GMT +1 hour
Discover this stunning island's natural beauty and historic sights
The beautiful island of Sicily is an intriguing blend of European style, history and exotic flare. Located between mainland Italy and Tunisia, Italy's largest island is blessed with a beautiful climate, breathtaking scenery and incredible sights that chronicle Mediterranean history and culture over the centuries.
Sicily's unique culture is complemented by stunning natural beauty - rolling valleys swathed in olive trees and vineyards, spectacular views of Mount Etna, and over 1000 miles of pristine coastline surrounded by exotic islands. Hiring a car is a great way to explore this beautiful island at your own pace. Spend time discovering fascinating ruins, charming towns and some of Italy's finest cuisine.
Best time to visit Sicily
From March to October for bright, sunny days. Touring and sightseeing are best done in the quiter period from November to February, but beaches and outdoor swimming pools are shut at this time.
Sicily holiday highlights
Picturesque Taormina is perched high on Mount Tauro in sight of Mount Etna. This historical town is buzzing with intimate piazzas, chic boutiques, jewellery and antique shops, street cafés and restaurants plus a fine Greco-Roman amphitheatre. Believed by many to date back to the 3rd Century BC, this incredible site offers visitors the chance to take a step back in time and enjoy the incredible views. Regular events take place at the theatre during the summer months, including concerts, a film festival, operas and ballet performances.
The town's bustling main street, Corso Umberto, is lined with souvenir shops, restaurants and boutiques. At the western end of this traffic-free road is the Porto Catania – one of the two remaining city gates – which sits adjacent to the one of the town's most exquisite palaces, the Palazzo Duca di Santo Stefano. Taormina's other attractions include the iconic 17th-Century fountain located in the main cathedral square, the cathedral itself – an eye-catching example of medieval-baroque architecture – and the delightful gardens at Villa Comunale.
Sitting in the shadow of Taormina is the charming village of Taormina Mare which sits on the water's edge and boasts picturesque pebble beaches, coves and rocky inlets. Guests staying at one of our handpicked beachside resorts can easily reach the centre of Taormina by taking a three minute funicular ride.
Perched high above Taormina and at the foot of the ruins of a striking Norman castle sits the enchanting hamlet of Castelmola which boasts an authentic old world charm. Whether staying at our featured Castelmola hotel or in Taormina, visitors can take time to explore the narrow and winding cobbled lanes and enjoy 360° views that encompass the Sicilian coast, the glistening Ionian Sea and the slopes of Mount Etna.
Situated on Sicily's east coast, the lively beachside resort of Giardini Naxos was once just a small fishing village. The seafront of this sweeping bay is lined with a number of restaurants, bars and hotels.
Known as Thermae Selinuntinas to the Romans, Sciaccia is situated close to the natural thermal baths of Monte Kronio, which dominates this charming fishing village – once an important trading port between Sicily and North Africa. Throughout the village a mixture of architectural styles and influences – from Arabic to Norman – can be witnessed. Just as it has been for centuries, fishing is Sciacca's main industry and a visit to the port as the morning's catch is landed is not to be missed.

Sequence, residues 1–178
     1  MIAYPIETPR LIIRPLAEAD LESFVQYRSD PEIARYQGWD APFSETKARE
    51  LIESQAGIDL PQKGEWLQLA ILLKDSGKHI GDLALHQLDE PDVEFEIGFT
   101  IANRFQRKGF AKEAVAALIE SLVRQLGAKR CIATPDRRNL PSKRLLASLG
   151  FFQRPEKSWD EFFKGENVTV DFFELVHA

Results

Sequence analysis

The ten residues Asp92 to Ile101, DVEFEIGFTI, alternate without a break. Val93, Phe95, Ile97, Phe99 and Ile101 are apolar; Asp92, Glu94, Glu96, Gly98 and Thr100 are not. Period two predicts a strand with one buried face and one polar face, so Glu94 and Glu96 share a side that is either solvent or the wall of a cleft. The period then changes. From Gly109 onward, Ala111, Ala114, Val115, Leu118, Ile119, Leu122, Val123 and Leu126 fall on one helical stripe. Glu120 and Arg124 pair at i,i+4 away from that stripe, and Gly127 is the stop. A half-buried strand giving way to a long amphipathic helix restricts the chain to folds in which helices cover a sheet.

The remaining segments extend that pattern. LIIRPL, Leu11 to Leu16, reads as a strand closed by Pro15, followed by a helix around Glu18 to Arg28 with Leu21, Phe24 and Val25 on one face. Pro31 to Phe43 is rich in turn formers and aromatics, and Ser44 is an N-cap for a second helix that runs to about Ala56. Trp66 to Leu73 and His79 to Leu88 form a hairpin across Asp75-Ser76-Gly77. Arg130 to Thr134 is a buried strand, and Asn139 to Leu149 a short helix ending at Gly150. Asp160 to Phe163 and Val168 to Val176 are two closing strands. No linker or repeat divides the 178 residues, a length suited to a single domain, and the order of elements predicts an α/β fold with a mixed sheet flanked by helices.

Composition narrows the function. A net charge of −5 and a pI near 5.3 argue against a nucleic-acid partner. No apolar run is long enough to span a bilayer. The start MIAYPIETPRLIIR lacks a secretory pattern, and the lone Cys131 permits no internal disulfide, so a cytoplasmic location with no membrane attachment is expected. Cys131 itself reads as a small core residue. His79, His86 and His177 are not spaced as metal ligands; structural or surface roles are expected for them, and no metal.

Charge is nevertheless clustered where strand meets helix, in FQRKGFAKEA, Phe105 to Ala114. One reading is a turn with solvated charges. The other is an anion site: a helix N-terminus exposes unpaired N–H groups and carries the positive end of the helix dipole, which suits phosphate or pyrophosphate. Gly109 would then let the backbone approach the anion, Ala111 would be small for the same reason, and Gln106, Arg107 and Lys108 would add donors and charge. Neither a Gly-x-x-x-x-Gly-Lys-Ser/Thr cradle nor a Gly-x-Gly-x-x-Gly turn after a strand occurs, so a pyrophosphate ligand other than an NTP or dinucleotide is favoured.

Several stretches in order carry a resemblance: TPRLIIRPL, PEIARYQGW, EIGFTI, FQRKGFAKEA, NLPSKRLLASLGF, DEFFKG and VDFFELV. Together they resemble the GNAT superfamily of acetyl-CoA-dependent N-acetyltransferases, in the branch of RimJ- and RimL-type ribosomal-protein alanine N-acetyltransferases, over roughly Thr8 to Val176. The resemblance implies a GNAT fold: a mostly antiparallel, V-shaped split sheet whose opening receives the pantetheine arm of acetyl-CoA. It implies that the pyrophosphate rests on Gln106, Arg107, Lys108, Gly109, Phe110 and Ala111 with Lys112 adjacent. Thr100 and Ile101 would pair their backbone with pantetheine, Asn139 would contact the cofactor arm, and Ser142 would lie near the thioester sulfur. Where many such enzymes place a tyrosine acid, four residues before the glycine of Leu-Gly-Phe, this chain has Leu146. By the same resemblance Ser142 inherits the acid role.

The attractive city of Syracuse lies on the southeast coast and is steeped in history. In the 5th Century BC, Syracuse fought off an attack from the Athenians and a wealth of remnants stand testimony to its classical past. Admire the city's famous baroque architecture and visit the Parco Archeologico della Neapolis to discover the remains of a 5th-Century Greek theatre and a Roman amphitheatre where gladiators once fought to the death. Cross the bridge to the tiny island of Ortygia and follow a maze of alleys, discover ancient monuments and temples, a beautiful square, 13th-Century castle and the 7th-Century Duomo di Ortigia – the oldest church in Europe which was built upon the Great Temple of Athena.
The city of Cefalù offers an alluring combination of sandy beaches, fantastic shops, fine seafood restaurants and lively bars along with an array of historic treasures. The 12th-Century cathedral is dominated by two Norman towers and the city's winding medieval streets are a joy to explore. Climb La Rocca, a limestone cliff for spectacular sweeping views over Cefalù.
Imperial Palermo is built around a splendid natural harbour and boasts fantastic restaurants and shops, fascinating churches and beautiful Norman monuments. A mixture of cultures meet here with evidence of Spanish, Arabic, French and Norman architecture interspersed throughout the city. Visitors can leave the crowds behind and explore the gardens of Real Tenuta della Favorita, a former hunting ground, or visit the colourful and extensive botanic gardens, with exotic plants from all corners of the earth.
The island of Sicily boasts incredible examples of ancient Greek architecture around its idyllic shores, particularly at the archaeological parks of Agrigento and Selinunte. Majestic Agrigento is home to the Valley of Temples which boasts some of the finest Greek Doric temples outside of Greece. This great Greek city, which was known as Akragas, is thought to have been built between 510 and 430 BC and was once one of the most important Greek settlements in the Mediterranean. Set on Sicily's southwest coast, on a high plain overlooking the sea, is the imposing archaeological park of Selinunte which boasts the remains of one of five original temples that were built around a central acropolis.